Mike Bird picks up on reports from Jordan (although he re-points the word) that a church dating from the period 33-70 A.D. (most likely from the 1st Jewish War) has been discovered in Jordan. The BBC report is here (and seems to include the astonishing claim that they all lived underground in secret until Constantine!). This comes hot on the tail of news that the Baptist World Alliance has been given permission (along with virtually every other denomination) to build on the site that the Jordanians claim is the real location of Jesus' baptism (the Baptist Times ran it this week with clear statements by David Coffey (President of the BWA) and others to the effect that the site is actually the very place where the Jesus was baptised by John the Baptist.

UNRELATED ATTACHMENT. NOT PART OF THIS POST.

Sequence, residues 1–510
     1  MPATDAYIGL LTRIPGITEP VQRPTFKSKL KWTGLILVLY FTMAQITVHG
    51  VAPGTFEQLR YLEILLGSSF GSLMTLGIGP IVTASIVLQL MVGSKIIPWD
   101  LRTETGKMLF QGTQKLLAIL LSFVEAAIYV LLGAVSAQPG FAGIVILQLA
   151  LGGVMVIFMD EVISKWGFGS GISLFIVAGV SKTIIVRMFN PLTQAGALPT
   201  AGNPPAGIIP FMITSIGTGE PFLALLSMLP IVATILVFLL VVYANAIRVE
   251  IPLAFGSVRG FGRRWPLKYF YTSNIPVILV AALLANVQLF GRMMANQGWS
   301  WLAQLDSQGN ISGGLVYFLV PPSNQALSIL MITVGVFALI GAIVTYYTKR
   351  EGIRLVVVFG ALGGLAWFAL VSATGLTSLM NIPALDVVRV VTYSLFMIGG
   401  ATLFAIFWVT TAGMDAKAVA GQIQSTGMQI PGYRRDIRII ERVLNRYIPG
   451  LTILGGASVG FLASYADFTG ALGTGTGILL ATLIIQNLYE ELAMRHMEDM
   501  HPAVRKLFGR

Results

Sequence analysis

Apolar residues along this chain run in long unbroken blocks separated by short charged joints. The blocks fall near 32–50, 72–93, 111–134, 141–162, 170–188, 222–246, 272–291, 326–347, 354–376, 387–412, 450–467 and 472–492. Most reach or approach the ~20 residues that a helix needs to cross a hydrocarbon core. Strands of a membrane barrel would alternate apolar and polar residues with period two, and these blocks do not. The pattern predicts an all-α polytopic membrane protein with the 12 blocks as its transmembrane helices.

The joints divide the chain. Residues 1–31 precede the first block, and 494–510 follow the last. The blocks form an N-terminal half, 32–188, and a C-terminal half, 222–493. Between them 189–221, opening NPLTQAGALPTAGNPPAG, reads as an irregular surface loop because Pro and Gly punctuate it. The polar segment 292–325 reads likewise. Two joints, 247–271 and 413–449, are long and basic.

Well aside from all the obvious questions to be asked about both cases (like…errr….how do they actually know?) or issues that really require further study before any firm conclusions can be drawn (e.g. the ambivalence and ambiguity of the biblical evidence for the baptism site; or the sheer unlikelihood of there being a dedicated church building established at such an early date) we do well to remember a basic point. Archaeological claims, especially those that (a) establish a claim that this piece of land is where sacred events really happened (and not over there – up or across the river) and (b) are likely to generate significant tourist income, are inextricably bound up with the competing ideologies and politics of the Middle East. The evidence might indeed suggest, after careful scrutiny, the possible legitimacy of both sites, but my own view is that on the whole, in these issues, a hermeneutic of suspicion is often a necessary tool.